The fears of one class of men are not the measure of the rights of another.
Let a man try faithfully, manfully to be right, he will daily grow more and more right. It is at the bottom of the condition on which all men have to cultivate themselves.
I would rather be right than be president.
Right is might, and ever was, and ever shall be so.—Holiness, meekness, patience, humility, self-denial, and self-sacrifice, faith, love,—each is might, and every gift of the spirit is might.
Whatever is physiologically right, is morally right; and whatever is physiologically wrong is morally wrong.
All men are endowed by their Creator with inalienable rights; among these are life, liberty, and the pursuit of happiness.
There is no right without a parallel duty, no liberty without the supremacy of the law, no high destiny without earnest perseverance, no greatness without self-denial.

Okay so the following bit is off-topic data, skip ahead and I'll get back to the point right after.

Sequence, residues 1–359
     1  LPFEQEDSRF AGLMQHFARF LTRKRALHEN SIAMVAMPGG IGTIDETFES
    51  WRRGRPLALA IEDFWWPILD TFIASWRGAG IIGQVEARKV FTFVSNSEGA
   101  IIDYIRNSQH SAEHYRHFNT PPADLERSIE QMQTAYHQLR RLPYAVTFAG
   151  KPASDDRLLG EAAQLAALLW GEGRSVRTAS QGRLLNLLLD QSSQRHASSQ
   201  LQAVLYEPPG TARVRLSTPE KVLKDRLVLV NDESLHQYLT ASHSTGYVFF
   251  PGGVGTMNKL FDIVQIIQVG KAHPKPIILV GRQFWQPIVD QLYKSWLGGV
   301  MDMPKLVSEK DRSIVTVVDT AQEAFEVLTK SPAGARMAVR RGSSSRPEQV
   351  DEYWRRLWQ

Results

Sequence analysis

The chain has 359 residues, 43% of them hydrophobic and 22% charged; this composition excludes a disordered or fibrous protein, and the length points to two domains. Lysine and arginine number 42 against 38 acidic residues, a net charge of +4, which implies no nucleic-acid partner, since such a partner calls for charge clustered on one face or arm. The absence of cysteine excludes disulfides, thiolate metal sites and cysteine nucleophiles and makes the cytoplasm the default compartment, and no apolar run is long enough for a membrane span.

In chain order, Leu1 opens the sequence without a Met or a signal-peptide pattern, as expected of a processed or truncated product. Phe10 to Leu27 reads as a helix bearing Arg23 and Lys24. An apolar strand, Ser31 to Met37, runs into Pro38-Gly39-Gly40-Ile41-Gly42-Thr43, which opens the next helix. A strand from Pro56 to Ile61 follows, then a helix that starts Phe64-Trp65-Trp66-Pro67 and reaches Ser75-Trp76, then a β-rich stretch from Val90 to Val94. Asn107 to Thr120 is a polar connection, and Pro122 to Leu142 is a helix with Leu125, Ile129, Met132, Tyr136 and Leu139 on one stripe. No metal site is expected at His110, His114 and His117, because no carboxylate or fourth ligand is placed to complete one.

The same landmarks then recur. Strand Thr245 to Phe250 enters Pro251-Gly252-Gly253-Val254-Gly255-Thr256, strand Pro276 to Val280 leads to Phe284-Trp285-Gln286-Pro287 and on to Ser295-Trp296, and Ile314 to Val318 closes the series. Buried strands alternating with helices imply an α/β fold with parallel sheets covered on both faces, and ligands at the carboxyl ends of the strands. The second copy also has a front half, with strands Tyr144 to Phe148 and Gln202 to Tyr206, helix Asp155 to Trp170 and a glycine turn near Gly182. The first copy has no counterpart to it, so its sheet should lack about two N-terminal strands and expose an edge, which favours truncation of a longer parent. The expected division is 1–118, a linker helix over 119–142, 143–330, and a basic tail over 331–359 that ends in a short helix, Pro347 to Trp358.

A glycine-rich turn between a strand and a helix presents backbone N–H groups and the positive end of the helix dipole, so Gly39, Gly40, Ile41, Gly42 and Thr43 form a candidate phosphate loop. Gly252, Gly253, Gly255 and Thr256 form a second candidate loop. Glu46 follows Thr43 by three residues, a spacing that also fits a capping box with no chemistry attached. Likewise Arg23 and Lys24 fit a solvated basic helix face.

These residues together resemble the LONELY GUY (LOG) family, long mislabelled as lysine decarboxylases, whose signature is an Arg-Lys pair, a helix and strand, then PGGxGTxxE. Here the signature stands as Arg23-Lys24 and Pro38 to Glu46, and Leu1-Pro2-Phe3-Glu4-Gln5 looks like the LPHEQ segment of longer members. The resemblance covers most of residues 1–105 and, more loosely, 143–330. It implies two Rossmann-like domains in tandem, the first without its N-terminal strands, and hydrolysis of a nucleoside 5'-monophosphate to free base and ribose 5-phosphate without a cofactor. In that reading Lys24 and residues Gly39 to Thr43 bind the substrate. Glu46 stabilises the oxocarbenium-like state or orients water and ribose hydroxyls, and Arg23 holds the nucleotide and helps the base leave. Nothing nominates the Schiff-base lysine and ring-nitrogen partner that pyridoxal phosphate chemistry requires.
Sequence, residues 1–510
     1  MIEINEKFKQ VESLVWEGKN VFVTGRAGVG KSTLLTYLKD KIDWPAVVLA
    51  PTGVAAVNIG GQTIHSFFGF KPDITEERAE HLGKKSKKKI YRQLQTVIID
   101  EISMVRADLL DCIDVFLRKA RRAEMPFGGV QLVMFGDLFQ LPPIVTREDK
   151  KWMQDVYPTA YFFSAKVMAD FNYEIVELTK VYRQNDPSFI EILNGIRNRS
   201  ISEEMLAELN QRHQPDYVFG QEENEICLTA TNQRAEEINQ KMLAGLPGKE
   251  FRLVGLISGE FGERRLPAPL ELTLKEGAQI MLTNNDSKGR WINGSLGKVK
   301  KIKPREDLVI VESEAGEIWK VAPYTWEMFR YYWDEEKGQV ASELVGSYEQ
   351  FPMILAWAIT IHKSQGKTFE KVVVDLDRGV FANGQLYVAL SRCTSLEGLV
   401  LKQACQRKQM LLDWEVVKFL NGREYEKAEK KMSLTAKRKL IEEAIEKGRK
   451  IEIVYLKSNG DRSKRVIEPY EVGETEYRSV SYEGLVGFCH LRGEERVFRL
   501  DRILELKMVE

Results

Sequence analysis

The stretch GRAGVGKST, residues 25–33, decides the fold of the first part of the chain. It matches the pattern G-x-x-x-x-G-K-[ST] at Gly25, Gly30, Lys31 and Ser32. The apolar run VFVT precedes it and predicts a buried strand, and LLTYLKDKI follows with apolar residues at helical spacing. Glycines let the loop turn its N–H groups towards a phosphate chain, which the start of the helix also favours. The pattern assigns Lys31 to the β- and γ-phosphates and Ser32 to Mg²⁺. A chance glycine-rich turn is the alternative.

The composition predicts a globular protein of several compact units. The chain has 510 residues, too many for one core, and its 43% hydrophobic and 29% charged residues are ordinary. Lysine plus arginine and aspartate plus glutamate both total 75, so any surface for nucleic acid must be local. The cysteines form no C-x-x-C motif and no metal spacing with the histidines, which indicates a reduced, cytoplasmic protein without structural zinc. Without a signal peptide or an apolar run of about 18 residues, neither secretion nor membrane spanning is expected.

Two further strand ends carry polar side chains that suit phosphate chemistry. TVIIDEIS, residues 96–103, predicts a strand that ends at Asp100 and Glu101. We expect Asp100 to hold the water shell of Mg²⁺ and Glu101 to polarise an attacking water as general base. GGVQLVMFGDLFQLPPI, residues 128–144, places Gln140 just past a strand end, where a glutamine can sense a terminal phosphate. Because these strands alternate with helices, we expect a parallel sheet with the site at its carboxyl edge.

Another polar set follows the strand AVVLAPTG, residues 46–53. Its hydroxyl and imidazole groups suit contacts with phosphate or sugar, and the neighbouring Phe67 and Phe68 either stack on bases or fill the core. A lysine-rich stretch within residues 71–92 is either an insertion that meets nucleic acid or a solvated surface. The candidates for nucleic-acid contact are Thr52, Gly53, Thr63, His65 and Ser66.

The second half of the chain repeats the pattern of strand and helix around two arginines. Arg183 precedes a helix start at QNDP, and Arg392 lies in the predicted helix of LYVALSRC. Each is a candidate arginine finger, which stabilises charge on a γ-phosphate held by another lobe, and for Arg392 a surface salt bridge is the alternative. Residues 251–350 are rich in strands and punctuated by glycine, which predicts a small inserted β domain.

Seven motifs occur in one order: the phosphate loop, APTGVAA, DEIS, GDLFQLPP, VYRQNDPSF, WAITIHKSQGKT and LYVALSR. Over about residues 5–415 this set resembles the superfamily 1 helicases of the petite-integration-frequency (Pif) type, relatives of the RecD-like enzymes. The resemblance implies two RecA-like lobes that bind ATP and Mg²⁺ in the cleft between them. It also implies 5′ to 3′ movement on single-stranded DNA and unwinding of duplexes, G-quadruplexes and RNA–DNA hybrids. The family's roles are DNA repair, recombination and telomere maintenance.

Let us have faith that right makes might, and in that faith, let us to the end, dare to do our duty, as we understand it.
One of the grandest things in having rights is, that though they are your rights you may give them up.
Would you be exempt from uneasiness; do nothing you know or even suspect is wrong. Would you enjoy the purest pleasure; do everything in your power which you believe is right.
No man has a right to do as he pleases, except when he pleases to do right.
Never, with the Bible in our hands, can we deny rights to another, which, under the same circumstances, we would claim for ourselves.
There is no credit in knowing how to spell, but positive disgrace in being ignorant on that point. So there can be no credit in doing right, while it is infamous to do wrong.
Nothing but the right can ever be expedient, since that can never be true expediency which would sacrifice a greater good to a less.